Went to a talk the other day by Richard McGregor of the FT, whose acclaimed new book “The Party” examines the state of the Chinese Communist Party – and the most interesting thing for me was his characterisation of the party as having “drifted underground”.
The CCP is running the world’s biggest country by population and one that is projected to become world’s biggest economy in 10-15 years, yet as an organisation it is has a “habit and instinct to secrecy”, he says. Astonishingly, the CCP may even be banned in Hong Kong, he says, because it doesn’t comply with some of the territory’s basic statutes. Yet it has overall power over that territory.
By giving Chinese people, by and large, more freedom to live their personal lives as they please, the party has been able to retreat into the background. Most Chinese have little or no contact with the party, whose propaganda is like a kind of background drone, a “radio that has been left switched on”, a continuing noise that people are able to block out.
In these semi-underground conditions, he says, the party is thriving. Its main ideology is the “ideology of power” and being cut off from the public serves this end. It can get on with making big strategic decisions while ordinary people get on with living their day to day lives in a kind of mutual pact of non-interference.
The CCP’s secrecy works to its advantage. Broadly speaking, it knows more about everyone else, including foreign governments, than they know about it.
CCP rule is reinforced by the People’s Liberation Army (PLA), which is not a conventional army with a basic mandate to protect the nation but is instead the CCP’s own militia dating back to the Chinese civil war and is there to keep the party in power. It has been extremely successful in this, says Dr Ding Xueling of Hong Kong’s Science and Technology University (with whom I spoke for this piece).
Most Communist regimes around the world have collapsed, but there’s little danger of that happening in China anytime soon, he says. However, the China model is not exportable, says McGregor. Vietnam comes closest to it, but is “struggling”.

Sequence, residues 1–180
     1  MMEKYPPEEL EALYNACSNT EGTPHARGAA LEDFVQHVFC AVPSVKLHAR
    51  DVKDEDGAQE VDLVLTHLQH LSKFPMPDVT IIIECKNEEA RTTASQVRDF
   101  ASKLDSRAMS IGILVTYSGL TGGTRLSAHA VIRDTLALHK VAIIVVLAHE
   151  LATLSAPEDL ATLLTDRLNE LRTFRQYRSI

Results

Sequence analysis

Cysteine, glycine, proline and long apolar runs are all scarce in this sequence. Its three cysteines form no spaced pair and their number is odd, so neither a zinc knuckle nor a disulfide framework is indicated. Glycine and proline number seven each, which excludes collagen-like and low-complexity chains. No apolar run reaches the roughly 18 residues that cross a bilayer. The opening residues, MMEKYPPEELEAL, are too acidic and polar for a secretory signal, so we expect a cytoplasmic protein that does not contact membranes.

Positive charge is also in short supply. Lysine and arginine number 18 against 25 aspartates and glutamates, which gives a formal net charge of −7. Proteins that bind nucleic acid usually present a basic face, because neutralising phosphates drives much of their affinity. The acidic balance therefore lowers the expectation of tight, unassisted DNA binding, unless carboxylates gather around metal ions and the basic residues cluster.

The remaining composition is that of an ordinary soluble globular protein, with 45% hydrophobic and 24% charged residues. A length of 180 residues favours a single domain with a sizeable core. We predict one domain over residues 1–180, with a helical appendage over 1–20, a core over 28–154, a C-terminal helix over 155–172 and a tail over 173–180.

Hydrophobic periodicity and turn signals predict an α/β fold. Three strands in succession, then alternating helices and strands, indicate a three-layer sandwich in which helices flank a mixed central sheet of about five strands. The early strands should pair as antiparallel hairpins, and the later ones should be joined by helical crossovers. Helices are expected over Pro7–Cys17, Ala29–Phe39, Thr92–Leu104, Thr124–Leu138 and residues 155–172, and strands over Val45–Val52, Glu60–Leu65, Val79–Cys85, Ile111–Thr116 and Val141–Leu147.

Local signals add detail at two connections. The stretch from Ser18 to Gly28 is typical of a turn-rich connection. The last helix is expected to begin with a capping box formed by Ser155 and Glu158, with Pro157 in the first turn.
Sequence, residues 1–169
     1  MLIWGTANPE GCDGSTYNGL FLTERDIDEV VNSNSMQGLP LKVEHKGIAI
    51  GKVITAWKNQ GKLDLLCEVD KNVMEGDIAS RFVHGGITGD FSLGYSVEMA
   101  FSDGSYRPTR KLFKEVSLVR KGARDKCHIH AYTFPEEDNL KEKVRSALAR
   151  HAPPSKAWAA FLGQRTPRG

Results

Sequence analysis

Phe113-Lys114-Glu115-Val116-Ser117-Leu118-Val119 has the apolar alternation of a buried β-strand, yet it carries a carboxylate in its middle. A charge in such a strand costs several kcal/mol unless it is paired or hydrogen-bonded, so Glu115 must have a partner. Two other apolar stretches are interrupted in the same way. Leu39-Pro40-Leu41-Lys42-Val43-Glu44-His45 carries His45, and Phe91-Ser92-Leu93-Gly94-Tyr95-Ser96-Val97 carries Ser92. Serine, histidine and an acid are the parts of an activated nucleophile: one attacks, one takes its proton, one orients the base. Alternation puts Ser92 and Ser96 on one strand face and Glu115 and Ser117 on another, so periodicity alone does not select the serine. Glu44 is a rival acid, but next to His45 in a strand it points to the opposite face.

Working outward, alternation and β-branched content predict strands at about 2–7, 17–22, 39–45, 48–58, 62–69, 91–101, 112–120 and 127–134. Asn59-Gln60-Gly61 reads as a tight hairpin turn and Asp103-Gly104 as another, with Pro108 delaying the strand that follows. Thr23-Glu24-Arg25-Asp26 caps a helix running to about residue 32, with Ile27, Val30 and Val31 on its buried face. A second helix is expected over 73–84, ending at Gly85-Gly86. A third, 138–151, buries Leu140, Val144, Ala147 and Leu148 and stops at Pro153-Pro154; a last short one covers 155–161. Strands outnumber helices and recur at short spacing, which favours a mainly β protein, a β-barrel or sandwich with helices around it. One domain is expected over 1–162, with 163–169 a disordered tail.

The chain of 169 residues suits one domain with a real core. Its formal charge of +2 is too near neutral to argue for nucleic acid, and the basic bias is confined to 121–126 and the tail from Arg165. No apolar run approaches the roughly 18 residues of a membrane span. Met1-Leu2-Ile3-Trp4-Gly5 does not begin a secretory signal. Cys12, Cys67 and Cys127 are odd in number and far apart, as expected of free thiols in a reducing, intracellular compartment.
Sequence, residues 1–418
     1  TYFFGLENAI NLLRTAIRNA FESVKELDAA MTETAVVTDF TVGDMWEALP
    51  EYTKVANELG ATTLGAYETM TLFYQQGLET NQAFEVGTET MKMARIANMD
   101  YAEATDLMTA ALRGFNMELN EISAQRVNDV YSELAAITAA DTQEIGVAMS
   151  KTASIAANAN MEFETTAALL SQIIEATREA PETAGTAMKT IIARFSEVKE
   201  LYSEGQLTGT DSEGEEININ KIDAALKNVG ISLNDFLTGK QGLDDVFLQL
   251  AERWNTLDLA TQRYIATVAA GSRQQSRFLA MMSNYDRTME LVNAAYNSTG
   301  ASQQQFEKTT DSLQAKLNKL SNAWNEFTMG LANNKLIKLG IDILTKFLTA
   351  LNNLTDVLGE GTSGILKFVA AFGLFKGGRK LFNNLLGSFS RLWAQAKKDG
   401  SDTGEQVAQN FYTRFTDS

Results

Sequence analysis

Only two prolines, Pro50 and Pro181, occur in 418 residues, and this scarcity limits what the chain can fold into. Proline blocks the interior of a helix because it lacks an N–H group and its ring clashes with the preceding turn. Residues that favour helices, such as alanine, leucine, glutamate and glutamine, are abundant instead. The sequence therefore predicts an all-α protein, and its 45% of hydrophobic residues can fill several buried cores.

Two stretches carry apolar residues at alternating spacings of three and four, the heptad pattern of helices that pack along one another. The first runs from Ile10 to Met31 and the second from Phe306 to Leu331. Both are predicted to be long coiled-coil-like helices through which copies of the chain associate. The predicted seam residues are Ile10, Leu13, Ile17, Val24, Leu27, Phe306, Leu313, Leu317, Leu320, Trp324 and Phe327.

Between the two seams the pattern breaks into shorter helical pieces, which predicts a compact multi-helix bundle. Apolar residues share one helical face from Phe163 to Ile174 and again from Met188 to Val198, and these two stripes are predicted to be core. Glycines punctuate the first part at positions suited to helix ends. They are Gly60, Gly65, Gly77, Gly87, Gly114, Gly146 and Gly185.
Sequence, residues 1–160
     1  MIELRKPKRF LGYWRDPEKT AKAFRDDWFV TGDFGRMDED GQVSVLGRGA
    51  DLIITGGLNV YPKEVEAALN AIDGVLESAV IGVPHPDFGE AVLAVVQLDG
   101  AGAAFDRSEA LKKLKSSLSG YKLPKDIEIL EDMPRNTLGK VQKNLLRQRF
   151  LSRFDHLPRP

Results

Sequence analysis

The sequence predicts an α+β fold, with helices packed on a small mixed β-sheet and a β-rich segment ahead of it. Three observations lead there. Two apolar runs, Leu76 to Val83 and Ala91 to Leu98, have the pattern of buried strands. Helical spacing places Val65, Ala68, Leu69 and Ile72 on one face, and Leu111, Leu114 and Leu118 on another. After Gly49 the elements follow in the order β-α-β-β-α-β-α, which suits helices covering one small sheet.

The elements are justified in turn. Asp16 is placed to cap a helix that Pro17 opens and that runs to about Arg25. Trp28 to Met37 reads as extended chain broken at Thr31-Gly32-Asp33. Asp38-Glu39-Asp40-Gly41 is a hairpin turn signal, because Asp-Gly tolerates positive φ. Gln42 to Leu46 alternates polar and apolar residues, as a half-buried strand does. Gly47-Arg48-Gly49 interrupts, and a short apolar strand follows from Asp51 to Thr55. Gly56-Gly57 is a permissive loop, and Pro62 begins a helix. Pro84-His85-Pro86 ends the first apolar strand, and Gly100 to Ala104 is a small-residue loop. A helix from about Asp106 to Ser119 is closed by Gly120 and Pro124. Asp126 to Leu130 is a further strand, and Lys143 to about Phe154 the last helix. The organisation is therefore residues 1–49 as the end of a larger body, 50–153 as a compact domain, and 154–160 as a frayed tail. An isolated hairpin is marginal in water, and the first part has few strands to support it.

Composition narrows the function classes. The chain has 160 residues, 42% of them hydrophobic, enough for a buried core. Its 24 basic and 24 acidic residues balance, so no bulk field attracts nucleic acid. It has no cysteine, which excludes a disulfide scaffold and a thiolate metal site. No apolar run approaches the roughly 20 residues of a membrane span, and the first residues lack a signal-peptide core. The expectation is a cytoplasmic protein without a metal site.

This division between the executive and the populace is all the more entrenched because the party is the only organisation with the bureaucratic skills, knowledge or network to run the country – “almost deliberately so”, says McGregor. It says to the Chinese people: “We can do the job, you can’t, and since you can’t, we will.”
In many ways this is working well for China, which he describes as a “success story”. These conditions give it the power to be extremely flexible, which makes it better able to respond to circumstances than a democracy, McGregor says, where the decision-making process is slower.
The government also is also increasingly meritocratic. Those within it who do their jobs well are promoted, those who don’t perform are shunted out. Meanwhile, the progress of the internet in China has not prompted the democratic reform some thought might be inevitable. But it has made more information about conditions on the ground across China directly available to the government, which makes it better able to respond.
Finally, there are some attempts to make the government more transparent and accountable – but not the party itself. The party “hides behind the government”, says McGregor.
However, while China is doing undeniably well, CCP rule has its downsides, he says.
In its “dark heart”, the CCP is hostile to the West, he argues. This hostility is particularly entrenched in the CCP’s propaganda department, partly because its task is to denigrate alternatives, the most obvious of which is democracy, and partly based on historical events (which is to some extent justified).
This question of attitudes to the West is interesting. The reaction to the US bombing of the Chinese embassy in Belgrade in 1999 sparked anti-US/UK violence in China, which both Rachel DeWoskin and James Kynge wrote about in their books. They were surprised to be treated with hostility by their Chinese buddies: “Are we really friends?” asked Kynge, who has been in China since the 80s.
Nationalism is useful to the CCP to deflect foreign criticism on almost any topic. But, McGregor argues, it could be a real source of instability if China starts to replace the US as the dominant military power in East Asia.
It’s natural for China to want to dominate, he says, and any other country in its position would want the same. Neither will it want to rely on the US for its energy security.
However, Japan, South Korea and Taiwan have all been able to become prosperous under the umbrella of US military protection. But the Korean civil war is not over, the Chinese civil war is not over and China-Japan relations are not as friendly as they could be.
“I really wonder how China can guarantee the trust that goes along with that [being the region's biggest military power]. In the long term that’s one of the most unstable elements of CCP rule.”
And of course, not all Chinese people are happy with the way they are governed. I was speaking with one young woman in her early 30s from Sichuan, university educated, never been abroad to a western country – she said she didn’t feel free, didn’t think China was developing well and said this was something “everyone is talking about”, with about half approving of the path the country is taking and the other half not.
“Nowadays, it is relatively easy to be an ordinary good person; but it is very difficult to be a good person who gets ahead of other people,” adds Professor Wang Jisi, a professor at Peking University (translated by China Elections & Governance blog).
And further up the food chain, a Chinese two-star general has warned his conservative Communist Party masters and firebrand PLA colleagues that China must either embrace US-style democracy or accept Soviet-style collapse.